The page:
Once the basic structure is complete, the female lines the inside of the nest with soft materials, such as plant down, fur, or feathers, to provide a comfortable and warm environment for the eggs and chicks.
The outside of the nest is often decorated with gray and white lichen, which helps to camouflage it against the tree.
Nest can be anywhere from 6 to 90 feet above the ground.
While it's quite common for them to return each year to the same territory, they will not use the same nest.
They often take parts of the old nest to build a new one, so you may see them at the old nest site.
Bird watchers will find the best viewing of the Baltimore Oriole's nest when the leaves are off the trees. You'll see them at the end of branches high in shade trees.
The preferred habitat of Orioles is in open woodlands of deciduous trees near parks, gardens, and suburban settings.
In this tightly woven hanging nest, the female lays 3 to 6 pale blue with dark marks eggs.
Incubation of the eggs is done by the female with the male always close by and watching.
|Eggs||3 - 6|
|Incubation||12 - 14 days|
|Nestling Phase||12 - 14 days|
|Broods||1 per season|
Incubation will last 12 to 14 days and the young birds will leave the nest in 12 to 14 days after hatching.
Northern Orioles nest only once each season and do not use birdhouses.
Cowbirds have a difficult time laying eggs in the Oriole's nest but still do.
Orioles can tell the difference between their eggs and Cowbird's eggs. Either the Oriole will eat the Cowbird's eggs, or eject them from the nest.
The main diet of the Baltimore Oriole consists of insects, fruits, and flower nectar.
You can attract this bird to eat from your backyard fruit feeder by setting out orange halves or grape jelly. Our recommended Fruit Feeder
Another option is by providing a sugar-water mixture. 1 part sugar to 4 parts water. No need to boil the sugar-water mixture. Replace often during hot weather.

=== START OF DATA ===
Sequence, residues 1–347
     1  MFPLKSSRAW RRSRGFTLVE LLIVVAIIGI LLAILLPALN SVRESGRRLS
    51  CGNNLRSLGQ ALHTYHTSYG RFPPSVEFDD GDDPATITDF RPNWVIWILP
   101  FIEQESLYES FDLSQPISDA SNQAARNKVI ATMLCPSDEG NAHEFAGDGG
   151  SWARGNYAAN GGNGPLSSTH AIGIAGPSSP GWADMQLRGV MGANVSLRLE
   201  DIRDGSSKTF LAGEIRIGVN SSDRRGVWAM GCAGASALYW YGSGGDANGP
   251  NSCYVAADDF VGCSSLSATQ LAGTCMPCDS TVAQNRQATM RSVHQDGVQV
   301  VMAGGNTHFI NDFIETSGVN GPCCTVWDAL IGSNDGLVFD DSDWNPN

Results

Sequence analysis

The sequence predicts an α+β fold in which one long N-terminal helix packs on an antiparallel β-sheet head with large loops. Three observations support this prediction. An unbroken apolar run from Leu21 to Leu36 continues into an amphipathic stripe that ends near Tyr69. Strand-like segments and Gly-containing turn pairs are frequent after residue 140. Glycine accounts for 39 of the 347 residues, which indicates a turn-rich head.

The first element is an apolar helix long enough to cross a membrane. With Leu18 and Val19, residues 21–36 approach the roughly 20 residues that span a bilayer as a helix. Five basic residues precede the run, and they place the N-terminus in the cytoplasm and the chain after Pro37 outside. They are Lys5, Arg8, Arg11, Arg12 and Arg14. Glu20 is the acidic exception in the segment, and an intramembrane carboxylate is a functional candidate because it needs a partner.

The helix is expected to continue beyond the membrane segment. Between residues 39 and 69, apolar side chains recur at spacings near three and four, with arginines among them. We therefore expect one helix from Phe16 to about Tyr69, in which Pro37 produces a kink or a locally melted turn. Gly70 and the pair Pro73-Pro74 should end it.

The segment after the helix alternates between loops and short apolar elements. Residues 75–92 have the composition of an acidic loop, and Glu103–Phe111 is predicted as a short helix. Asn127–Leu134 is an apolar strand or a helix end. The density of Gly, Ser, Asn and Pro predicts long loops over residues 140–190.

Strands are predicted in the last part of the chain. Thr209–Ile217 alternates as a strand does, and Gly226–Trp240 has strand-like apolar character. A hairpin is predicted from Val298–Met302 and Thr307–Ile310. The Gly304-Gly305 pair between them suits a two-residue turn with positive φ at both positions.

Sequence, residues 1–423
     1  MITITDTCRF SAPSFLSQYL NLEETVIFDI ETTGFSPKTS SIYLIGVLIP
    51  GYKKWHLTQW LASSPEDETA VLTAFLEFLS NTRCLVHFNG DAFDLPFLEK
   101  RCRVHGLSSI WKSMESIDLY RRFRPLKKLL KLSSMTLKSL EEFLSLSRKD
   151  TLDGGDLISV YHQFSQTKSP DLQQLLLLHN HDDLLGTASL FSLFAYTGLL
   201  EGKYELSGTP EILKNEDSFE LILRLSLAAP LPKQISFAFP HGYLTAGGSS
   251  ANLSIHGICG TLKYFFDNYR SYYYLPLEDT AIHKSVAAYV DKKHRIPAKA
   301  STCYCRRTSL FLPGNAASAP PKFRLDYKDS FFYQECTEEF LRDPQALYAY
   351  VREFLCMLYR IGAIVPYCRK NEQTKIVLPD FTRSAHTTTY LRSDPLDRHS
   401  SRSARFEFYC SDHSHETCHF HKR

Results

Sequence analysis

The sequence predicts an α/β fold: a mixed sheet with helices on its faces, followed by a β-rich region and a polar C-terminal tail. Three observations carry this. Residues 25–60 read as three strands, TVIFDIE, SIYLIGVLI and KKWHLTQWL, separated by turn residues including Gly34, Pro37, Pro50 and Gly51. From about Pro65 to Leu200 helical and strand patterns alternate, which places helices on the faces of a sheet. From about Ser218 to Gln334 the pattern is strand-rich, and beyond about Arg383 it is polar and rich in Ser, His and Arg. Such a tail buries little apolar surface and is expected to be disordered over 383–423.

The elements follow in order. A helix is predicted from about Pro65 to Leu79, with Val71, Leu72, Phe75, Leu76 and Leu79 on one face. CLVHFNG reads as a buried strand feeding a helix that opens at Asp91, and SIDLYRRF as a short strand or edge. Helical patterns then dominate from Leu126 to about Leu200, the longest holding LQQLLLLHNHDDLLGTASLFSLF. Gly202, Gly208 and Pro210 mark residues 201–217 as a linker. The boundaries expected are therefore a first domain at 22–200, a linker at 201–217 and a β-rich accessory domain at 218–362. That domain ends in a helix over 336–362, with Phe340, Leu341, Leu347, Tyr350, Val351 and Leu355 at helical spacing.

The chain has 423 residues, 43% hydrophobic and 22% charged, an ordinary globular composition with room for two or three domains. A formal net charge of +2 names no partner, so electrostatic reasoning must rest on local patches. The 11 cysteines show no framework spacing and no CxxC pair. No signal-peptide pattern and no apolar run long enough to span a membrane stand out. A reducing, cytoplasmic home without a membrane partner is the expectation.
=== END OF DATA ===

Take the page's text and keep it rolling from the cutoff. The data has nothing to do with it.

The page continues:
To check out all the things that will attract Orioles be sure to visit All Oriole Feeders and Food.
Of the avian type, predators of the Northern Oriole include Screech Owls, Common Grackles, Crows, and Blue jays. Others are Red squirrels, Gray Squirrels, and Fox Squirrels.
Often we're asked "What happened to our Oriole birds"? "they were here every day eating our oranges and grape jelly and now they're gone".
The most common cause for their sudden disappearance from feeders is that while they are nesting and feeding young, the diet changes to add protein so that the young birds grow healthy.
This means they are hunting insects instead of visiting your feeders.
They may have started migrating: see next heading.
Don't worry, sometimes the adults will bring their young to the feeders once they've left the nest. So be prepared for a return after a 4-week absence.
You might want to have a summer bird feeding station to attract dozens of species of birds during the nesting season.
Spring migration begins in April when Male Baltimore Orioles begin to arrive at their breeding grounds roughly East of the Rockies.
The winter migration to the South can begin as early as July, which is much earlier than most species.
Still, you may see some Orioles well into September or a little later in their Southern range.
Oriole Nectar Feeder
Suet For Orioles
See Also: Orchard Oriole Habits
|Birds and Blooms||Pioneer Woman||People Magazine||First For Women|